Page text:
|19,060 words/60 pages double spaced
|First person, present tense
|Young girl in her early teens, member of a nature-based Goddess-worshipping culture called the Kinfolk. In this story, searches for her place among her people.
|Kamber's grandmother: Confidante and elder, gives her advice and discipline and spiritual guidance
Joanne, Kamber's friend: Interested in Kamber because of her lineage, the two become friends even though they are not from the same culture. Joanne learns about the ways of the Kinfolk from Kamber and provides social support.
Seaira and JeLin: Kamber's "competitors," often make her feel inferior. She refers to them as "the Bratkins."
Various other incidental characters such as Kamber's parents, teachers, relatives, and friends.
|Something of an "alternate" version of our world; very modern. Somewhat rural setting.
|Kamber is concerned about her inability to make her doll dance, which is a sign of becoming mature in the Kinfolk culture. She does not know what to do to make this doll dance, and the only two girls who are Kin from her school make fun of her because she hasn't done it yet. Because of this abuse and the fact that another girl, Joanne, shows interest in learning about her, she stops eating lunch with them. Through the story she learns to harness her natural energy, a Goddess-given gift, to demonstrate magical abilities such as calling butterflies and controlling fire and wind. Unfortunately she seems to be demonstrating competence in the so-called "male" elements rather than the "female" elements of earth and water. This and the fact that her doll hasn't danced are distressing to her, and she attempts to find enlightenment through talking to her grandmother, talking to Joanne, and soul-searching while talking to her Goddess. She feels like a failure until her grandmother picks up on signs that she has not noticed that show Kamber is growing up. She is given a very important role in a festival for Bloom Day and finds she has much more potential than she thought--and that it has nothing to do with whether she can make a doll dance.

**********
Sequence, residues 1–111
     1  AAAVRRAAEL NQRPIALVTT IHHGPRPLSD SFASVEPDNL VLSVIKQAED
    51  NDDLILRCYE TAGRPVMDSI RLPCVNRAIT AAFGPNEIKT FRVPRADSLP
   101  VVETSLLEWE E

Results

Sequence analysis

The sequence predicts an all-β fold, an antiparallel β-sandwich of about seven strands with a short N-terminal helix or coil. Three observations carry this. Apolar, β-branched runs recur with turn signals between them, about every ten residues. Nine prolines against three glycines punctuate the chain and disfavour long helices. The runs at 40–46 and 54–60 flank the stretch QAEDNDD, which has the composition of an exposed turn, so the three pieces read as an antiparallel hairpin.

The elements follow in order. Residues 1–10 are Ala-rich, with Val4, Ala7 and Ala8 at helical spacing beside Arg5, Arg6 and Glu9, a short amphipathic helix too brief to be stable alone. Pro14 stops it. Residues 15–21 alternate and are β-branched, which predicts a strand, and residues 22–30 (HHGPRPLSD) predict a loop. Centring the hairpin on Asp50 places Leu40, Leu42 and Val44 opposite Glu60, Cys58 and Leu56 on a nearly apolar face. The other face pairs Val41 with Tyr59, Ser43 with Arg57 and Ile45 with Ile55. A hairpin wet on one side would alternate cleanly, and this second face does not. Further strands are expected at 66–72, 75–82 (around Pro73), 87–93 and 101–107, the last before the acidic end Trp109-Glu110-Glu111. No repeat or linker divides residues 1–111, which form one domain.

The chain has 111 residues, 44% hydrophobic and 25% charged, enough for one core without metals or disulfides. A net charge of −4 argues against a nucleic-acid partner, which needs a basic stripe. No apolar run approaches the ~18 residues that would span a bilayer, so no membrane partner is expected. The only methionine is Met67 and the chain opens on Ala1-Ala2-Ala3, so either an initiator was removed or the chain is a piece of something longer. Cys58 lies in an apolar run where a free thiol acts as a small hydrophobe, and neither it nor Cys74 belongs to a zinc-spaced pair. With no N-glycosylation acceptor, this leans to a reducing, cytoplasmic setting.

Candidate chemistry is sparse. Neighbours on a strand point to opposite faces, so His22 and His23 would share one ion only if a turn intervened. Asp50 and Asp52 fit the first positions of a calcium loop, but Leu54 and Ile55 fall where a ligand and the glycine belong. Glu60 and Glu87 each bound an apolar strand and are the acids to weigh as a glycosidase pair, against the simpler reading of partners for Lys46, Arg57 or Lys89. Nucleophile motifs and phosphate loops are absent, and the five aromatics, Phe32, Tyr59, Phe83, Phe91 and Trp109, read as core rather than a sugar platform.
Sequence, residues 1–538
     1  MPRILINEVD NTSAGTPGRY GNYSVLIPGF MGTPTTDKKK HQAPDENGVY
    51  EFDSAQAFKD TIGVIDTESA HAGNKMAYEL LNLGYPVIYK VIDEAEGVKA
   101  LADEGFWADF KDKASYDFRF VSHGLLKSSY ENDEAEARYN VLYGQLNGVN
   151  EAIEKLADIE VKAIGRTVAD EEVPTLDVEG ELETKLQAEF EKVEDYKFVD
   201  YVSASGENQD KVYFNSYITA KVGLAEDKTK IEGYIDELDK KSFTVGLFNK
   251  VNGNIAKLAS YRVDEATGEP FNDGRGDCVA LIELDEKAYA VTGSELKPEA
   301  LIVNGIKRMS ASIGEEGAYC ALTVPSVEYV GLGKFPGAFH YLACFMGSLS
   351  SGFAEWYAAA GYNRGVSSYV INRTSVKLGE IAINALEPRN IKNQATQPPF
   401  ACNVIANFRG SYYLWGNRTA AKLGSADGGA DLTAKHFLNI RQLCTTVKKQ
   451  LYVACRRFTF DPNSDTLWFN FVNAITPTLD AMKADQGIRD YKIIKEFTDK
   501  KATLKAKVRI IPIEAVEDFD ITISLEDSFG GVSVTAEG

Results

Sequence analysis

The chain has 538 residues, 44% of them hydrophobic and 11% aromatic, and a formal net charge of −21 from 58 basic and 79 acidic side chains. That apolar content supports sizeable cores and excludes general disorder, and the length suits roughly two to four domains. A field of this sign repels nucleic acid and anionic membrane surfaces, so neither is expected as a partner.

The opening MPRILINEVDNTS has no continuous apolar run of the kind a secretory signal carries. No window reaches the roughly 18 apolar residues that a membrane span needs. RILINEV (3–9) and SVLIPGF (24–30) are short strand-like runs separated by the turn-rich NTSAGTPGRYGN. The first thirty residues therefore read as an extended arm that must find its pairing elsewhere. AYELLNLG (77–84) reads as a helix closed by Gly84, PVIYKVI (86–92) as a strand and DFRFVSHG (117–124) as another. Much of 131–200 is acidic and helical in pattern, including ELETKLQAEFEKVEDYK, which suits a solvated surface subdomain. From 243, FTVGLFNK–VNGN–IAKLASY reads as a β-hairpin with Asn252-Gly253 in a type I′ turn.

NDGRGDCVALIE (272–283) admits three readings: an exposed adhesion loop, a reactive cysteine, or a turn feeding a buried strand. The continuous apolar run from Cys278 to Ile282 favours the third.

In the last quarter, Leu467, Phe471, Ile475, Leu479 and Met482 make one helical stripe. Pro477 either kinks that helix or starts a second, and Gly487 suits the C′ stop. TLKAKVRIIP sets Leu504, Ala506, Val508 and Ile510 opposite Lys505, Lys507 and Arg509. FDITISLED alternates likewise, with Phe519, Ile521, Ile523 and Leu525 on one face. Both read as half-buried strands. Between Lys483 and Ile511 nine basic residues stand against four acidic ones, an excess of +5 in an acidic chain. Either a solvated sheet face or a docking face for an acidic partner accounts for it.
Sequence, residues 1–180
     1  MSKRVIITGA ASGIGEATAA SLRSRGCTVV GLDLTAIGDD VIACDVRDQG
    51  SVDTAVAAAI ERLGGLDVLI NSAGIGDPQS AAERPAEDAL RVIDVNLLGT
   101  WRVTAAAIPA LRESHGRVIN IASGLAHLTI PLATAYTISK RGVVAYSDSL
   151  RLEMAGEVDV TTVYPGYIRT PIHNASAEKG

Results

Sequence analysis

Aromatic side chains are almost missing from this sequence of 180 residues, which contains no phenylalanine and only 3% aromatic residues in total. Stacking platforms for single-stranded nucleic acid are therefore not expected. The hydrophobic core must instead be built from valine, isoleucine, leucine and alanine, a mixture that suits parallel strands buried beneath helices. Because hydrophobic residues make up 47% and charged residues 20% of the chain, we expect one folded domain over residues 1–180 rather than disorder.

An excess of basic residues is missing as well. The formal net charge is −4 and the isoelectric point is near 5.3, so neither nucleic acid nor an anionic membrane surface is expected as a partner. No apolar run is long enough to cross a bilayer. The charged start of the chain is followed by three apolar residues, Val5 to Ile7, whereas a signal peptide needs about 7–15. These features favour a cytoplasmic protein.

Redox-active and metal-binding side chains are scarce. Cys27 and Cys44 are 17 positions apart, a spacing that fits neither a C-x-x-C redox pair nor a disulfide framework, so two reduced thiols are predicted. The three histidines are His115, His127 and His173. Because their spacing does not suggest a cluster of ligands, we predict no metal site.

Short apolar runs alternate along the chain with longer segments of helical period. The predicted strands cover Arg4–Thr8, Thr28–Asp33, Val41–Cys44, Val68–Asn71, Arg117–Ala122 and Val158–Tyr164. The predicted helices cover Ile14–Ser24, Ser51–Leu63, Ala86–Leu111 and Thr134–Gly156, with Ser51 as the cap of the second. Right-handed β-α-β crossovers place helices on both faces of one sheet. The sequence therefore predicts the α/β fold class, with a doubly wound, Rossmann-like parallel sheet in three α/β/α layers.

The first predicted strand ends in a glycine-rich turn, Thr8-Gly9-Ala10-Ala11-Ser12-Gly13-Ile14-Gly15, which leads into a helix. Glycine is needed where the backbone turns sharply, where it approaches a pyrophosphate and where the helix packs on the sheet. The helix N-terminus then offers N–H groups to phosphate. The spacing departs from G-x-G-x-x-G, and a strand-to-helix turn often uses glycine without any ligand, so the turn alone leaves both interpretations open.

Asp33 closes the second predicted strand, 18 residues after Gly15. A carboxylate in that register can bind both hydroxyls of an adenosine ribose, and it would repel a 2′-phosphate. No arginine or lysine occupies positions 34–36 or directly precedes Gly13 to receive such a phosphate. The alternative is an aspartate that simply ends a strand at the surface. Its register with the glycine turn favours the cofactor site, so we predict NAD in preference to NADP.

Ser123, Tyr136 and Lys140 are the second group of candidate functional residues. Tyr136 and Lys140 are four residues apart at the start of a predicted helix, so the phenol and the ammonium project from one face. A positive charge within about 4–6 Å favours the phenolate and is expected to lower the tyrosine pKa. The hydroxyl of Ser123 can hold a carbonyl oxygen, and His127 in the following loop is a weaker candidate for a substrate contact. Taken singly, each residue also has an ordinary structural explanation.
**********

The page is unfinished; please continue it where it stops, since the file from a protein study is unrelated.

|Information, inspiration, and other notes
|This story is not based on any real culture but some of the practices and symbolism are borrowed from modern-day Paganism and Wicca, though most were invented by me (i.e., the "wishing beans," the "motion, potion, or devotion" laws, the rituals and festivals). Most of the last names of the characters are actually obscure herbs, while their first names were mostly made up by me.
|[Short story concept art]
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